In September 2022, Chibis met 11 children who were deported from Ukraine at Murmansk airport. In the summer of 2023, Chibis is alleged to have used funds from the budget of the Murmansk region to finance the abduction of Ukrainian children from the temporarily occupied part of the Zaporizhia region to summer camps in the Krasnodar region, Russia. 

On December 11, 2023, an event was held to celebrate the Day of the Murmansk Region of the Russian Federation. Governor Andrey Chibis cynically brought both Russian children whose parents are fighting against Ukraine in the Russian army and deported Ukrainian children from the occupied Prymorskyi district of the Zaporizhzhia region. It is worth noting that they were wearing “Live in the North” sweatshirts, which suggests the Russian government’s intention to keep them in Russia rather than return them to Ukraine, which is a crime.

Several countries have imposed sanctions on Andrey Chibis (the United States, France, Switzerland, and New Zealand) for his full participation in the illegal deportation of Ukrainian children to Russia and due to his involvement in the Russian “recognition” of so-called “republics” (in fact – Russian occupation administrations) in the occupied territory of Donetsk and Luhansk regions

The governor of the Kuban region, Veniamin Kondratiev, has also been involved in the forced deportation of Ukrainian children. He visited the Artek children’s camp in temporarily occupied Crimea, after which some of the children were taken to Russia. Some of them are taken to Anapa (Vita camp), Gelendzhik (Medvezhonok (Bear Cub) camp), and Yeysk (Yeysk sanatorium).

Children from the temporarily occupied Luhansk region attend paramilitary exercises in the Volgograd region of Russia.
Source: OSINT investigation by the Where Are Our People project in collaboration with UA OSINT

Since 2022, Russian media have reported that Ukrainian children from the occupied part of the Donetsk region have been brought to summer camps in the Kuban region for so-called “rehabilitation”. This is one of the methods used by the Russian government to transfer Ukrainian children to the Russian Federation. Once the children have been taken to the summer camps, it becomes difficult to obtain information about them and to establish their identity: the Russian government is concealing this information, and there is ample evidence about these crimes. For this crime policy, several countries have imposed sanctions on Veniamin Kondratiev: the United States, United Kingdom, Switzerland, New Zealand, and Australia.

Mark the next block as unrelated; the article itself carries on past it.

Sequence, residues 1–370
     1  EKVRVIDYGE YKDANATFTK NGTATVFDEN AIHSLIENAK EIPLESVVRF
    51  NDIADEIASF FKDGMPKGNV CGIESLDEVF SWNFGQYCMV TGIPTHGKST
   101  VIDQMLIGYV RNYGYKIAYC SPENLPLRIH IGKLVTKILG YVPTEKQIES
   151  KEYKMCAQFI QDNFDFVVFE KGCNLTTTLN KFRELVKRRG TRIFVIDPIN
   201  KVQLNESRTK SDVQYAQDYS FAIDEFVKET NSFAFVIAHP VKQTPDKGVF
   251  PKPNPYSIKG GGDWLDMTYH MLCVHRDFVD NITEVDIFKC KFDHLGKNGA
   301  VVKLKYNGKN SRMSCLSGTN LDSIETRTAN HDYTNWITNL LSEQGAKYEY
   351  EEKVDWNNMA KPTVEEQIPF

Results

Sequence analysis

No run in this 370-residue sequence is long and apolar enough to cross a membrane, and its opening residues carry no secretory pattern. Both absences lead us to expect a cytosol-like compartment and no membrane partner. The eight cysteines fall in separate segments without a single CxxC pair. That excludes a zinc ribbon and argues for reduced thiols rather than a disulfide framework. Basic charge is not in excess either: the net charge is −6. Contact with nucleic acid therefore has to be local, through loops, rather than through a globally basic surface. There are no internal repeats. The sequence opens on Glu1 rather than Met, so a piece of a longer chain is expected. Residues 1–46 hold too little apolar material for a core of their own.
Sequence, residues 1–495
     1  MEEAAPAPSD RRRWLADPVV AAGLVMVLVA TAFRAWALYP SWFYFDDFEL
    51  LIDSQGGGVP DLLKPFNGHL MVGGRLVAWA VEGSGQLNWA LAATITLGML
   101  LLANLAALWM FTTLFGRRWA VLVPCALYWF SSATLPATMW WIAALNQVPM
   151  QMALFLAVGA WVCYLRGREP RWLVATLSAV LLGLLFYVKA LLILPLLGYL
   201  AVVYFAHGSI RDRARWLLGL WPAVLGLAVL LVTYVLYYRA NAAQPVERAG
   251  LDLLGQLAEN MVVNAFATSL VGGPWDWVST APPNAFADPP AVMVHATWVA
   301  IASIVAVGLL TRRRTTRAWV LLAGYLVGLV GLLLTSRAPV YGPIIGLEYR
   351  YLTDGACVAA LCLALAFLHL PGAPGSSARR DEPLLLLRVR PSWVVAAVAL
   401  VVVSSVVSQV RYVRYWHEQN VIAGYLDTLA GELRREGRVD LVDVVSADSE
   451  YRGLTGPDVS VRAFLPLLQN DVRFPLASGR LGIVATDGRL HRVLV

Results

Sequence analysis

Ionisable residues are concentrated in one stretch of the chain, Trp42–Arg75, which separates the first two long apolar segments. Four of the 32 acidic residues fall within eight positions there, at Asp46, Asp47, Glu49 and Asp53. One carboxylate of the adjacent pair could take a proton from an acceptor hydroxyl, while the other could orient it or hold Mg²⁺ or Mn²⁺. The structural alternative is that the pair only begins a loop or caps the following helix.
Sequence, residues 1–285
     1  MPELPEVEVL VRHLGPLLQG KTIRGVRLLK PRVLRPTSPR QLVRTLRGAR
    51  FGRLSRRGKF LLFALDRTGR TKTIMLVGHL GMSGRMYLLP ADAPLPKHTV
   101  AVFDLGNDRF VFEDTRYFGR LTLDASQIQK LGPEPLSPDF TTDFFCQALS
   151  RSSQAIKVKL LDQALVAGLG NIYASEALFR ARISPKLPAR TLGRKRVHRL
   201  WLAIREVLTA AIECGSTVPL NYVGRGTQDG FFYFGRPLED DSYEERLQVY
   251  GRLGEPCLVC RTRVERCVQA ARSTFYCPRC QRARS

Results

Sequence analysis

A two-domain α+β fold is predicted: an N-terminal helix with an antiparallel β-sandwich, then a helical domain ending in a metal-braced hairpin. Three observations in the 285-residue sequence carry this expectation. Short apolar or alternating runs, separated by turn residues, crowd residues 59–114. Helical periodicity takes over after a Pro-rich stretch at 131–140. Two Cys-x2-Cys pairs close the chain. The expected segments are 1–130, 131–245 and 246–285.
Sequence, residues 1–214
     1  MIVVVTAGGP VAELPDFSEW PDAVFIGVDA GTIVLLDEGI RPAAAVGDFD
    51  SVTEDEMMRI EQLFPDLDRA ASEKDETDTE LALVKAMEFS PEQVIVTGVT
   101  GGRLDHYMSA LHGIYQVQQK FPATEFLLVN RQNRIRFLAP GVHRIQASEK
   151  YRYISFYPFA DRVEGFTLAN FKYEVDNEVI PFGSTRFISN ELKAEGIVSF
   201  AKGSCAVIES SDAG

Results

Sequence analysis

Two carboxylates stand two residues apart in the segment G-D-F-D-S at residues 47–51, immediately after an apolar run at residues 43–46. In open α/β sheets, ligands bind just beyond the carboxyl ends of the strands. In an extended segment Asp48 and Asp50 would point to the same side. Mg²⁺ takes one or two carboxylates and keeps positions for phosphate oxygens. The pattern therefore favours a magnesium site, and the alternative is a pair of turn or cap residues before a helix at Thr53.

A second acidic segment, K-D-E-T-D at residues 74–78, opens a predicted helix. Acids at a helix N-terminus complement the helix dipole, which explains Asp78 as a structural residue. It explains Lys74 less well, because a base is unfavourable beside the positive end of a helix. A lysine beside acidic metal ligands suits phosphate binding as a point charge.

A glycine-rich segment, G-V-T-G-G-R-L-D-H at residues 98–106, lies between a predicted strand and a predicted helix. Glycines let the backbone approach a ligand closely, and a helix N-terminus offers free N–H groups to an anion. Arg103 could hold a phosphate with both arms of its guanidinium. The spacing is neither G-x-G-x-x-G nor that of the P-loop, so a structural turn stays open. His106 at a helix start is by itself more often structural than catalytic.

In conclusion, it can be argued that the deportation of Ukrainian children by the Russian authorities should be considered a violation of human rights and a potential threat to Ukrainian identity. It is a fact that Russian officials are deeply involved in the abduction, re-education, and forced assimilation of these children. Efforts are being made to integrate vulnerable children into Russian society through targeted funding and institutional support. This initiative is financed by Russiaʼs state budget, which benefits from the global sale of oil.

In this context, it is essential to reinforce the mechanisms of international sanctions as a means of holding Russian officials accountable, as well as to establish a unified international framework for the expeditious repatriation of Ukrainian children who have been deported.

The prompt return of Ukrainian children to their homeland is of paramount importance, as they are subjected to forced Russification and militarisation on a daily basis, with the intention of eroding their identity. It is evident from historical precedent that during the Soviet era, deportees were unable to return to their homeland for decades, with some never being permitted to do so. Consequently, it is of the utmost importance to apply consistent and relentless pressure on the Russian government to facilitate the return of all deported Ukrainian children.

Vladyslav Havrylov, a researcher with the “Where Are Our People?” advocacy campaign by PR Army, and a research fellow with the Collaborative on Global Children’s Issues at Georgetown University